There has been a lot of interest in the thread at CA which started out looking at correlations between a figure that notionally expresses (unreliably) the part of TOA radiant energy flux attributable to clouds and surface temperature. There is a contention, favored by Spencer and Lindzen, that ST may be affecting clouds, which is a kind of feedback, which in fact is spoken of as a forcing.

There's lots to be said about whether these notions are true, but in this post I want to talk about a kind of analysis proposed by commenter Bart at that site.

Instead of looking at correlations, he proposed in effect to find an impulse response function which will transform temperature (T) into that quantity ΔR_cloud (or dR) by convolution:

\[ dR(t) = \int_{-\infty}^\infty h(t-\tau) T(\tau) d\tau\]

You can this of this as being like applying a smoothing filter but it doesn't smooth - it turns T into dR. The basic idea is that Fourier transformation turns that convolution into a product. Then you can work out the FT \(\hat{h}\) from

\[\hat{h} = \hat{dR}/ \hat{T}\]

invert the FT, and it's done. Along the way there are lots of complex variables, but the answer comes out real.

#### The papers

Discussion has been stirred by a recent paper SB11 by Spencer and Braswell 2011, discussed here,here,here, and aresponse D11 by Dessler. But the CA thread was about an earlier paper D10 by Dessler (discussed here. The links here will lead you to other papers in the series.

#### The data

The data file is flux.csv here. It covers about 10 years. Col 9 is the surface temp (Hadcrut3), col 5 is TOA flux measured by CERES, and col 8 is a notional clear sky value. The cloud effect dR is got by subtracting col 8 from col 5. Dessler points out that this is biased, because it in effect extrapolates from clear patches of sky to the whole atmosphere, and the air there is much drier than the global average. So there is less wv IR absorption. He used reanalysis data which corrects for this (but may bring other problems).#### Causality

The idea of impulse response comes from a known causal relation. You hit a gong with a hammer - you get a response (afterwards). But fitting an impulse response by FFT does not require any kind of causality. You could replace dR by births in Utah.So convolving with h will pull in temp numbers from the past and from the future. It could well be that past values of dR affect present T - in fact, this is the conventional view. It's not actually clear how to decide, once you've found h (as you always can) what it means.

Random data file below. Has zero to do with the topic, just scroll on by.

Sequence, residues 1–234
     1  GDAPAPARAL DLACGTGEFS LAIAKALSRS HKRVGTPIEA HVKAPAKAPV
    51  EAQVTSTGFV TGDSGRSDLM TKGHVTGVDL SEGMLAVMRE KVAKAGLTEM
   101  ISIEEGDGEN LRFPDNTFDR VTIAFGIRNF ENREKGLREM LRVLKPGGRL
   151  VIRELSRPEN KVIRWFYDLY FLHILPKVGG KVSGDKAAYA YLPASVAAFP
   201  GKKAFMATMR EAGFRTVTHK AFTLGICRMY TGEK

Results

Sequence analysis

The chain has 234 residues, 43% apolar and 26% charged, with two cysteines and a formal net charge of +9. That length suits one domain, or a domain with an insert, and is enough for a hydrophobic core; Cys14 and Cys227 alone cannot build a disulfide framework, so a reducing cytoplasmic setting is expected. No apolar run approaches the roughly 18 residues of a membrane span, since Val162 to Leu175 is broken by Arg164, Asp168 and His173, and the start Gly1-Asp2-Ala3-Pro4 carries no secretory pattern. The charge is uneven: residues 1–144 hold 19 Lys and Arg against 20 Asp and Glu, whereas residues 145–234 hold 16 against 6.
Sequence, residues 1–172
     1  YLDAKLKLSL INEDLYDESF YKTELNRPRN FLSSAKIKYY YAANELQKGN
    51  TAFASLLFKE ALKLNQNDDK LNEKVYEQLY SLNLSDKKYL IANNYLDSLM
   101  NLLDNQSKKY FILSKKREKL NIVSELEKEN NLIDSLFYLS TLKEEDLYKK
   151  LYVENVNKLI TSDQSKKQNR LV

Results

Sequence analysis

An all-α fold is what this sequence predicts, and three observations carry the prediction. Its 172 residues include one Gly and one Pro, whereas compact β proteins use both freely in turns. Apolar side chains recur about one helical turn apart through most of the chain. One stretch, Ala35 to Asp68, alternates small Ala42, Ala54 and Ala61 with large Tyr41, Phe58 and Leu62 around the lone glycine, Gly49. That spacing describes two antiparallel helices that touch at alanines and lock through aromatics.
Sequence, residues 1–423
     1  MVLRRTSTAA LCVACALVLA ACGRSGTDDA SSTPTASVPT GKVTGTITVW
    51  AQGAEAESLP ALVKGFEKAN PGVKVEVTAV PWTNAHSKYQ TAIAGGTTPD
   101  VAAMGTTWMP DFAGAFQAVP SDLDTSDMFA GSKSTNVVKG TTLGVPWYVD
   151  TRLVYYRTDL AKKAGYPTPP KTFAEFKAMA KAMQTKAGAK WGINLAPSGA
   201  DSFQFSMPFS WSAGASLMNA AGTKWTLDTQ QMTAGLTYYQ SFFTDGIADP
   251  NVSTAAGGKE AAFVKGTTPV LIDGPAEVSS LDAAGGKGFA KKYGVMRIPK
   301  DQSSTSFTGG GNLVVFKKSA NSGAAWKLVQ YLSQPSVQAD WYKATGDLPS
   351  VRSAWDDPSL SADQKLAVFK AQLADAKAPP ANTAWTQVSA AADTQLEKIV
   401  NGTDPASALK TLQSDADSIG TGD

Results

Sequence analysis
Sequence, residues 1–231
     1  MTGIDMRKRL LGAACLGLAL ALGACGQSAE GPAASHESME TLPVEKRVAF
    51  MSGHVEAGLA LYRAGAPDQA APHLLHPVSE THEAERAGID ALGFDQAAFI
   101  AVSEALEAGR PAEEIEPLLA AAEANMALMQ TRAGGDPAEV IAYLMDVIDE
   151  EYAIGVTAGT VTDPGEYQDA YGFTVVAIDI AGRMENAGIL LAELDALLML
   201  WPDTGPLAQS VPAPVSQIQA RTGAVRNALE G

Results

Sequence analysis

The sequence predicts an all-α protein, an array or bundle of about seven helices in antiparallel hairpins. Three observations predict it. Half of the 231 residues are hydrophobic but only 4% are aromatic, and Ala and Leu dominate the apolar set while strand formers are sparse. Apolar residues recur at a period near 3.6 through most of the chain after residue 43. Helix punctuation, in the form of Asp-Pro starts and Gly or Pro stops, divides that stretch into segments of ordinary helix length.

#### FFT, truncation and periodicity

This became a subtopic at CA. I've expressed the concept of impulse response with an infinite integral. But there are two dual problems. You can't compute over an infinite range. And you have to have a finite sample width.While the relation we explore goes on indefinitely, we only see it for a short time. In FT terms, it helps to pretend that we really have indefinite data, but we've multiplied by a gate function to get the window that we see. The reason that it helps is that the gate function multiplication turns up as a convolution in the frequency domain, which explains a lot of things. And you can choose the form of gate function. Instead of a sharp termination, you can taper. This means some loss of data utility, but avoids spurious effects in the medium/high frequency range.

FFT is a way of implementing the discrete Fourier Transform (DFT). This neatly deals with both sampling and range issues but implementing the FT as a Fourier Series. Here's how I think about that.

You're trying to do something about an infinite line in space (denoting time). But you only see a period of 500 km. Suppose you regard it as part of a circle. The Equator is a familiar one. So you put your data on that and sample over longitudes.

But you'll think of this as a line segment, measured by longitude. And you need an IDL (Date Line). You'll probably put this just to one side of the data period.

(This analogy would work better if we started Lon at 0 at the IDL, ie Lon+180)

Then you say that the rest of the data on the equator is zero(padding). You divide into discrete longitude intervals, say 8192. And you sample frequency by starting with a sinusoid with period the Earth's circumference, and then its 8192 harmonics.

The impulse response will also be expressed on the equator, and will wrap around. And the convolution integral will be evaluated wrapped around as well.

It's a bit harder to think of frequencies as being periodic. We go through the range from a wavelength of 40,000 km down to 5 km. And 5km is about our sampling length. Surely that 5km wave is very different to the 40,000 km and couldn't be adjacent in a periodic measure?

The answer is beats - or strobing. The trig functions are the underlying theory, but numerically all that counts is what is sampled. Those highest frequencies almost match the sampling frequency, but not quite. The difference is what is sampled, and it is indeed a low negative frequency.

#### The impulse response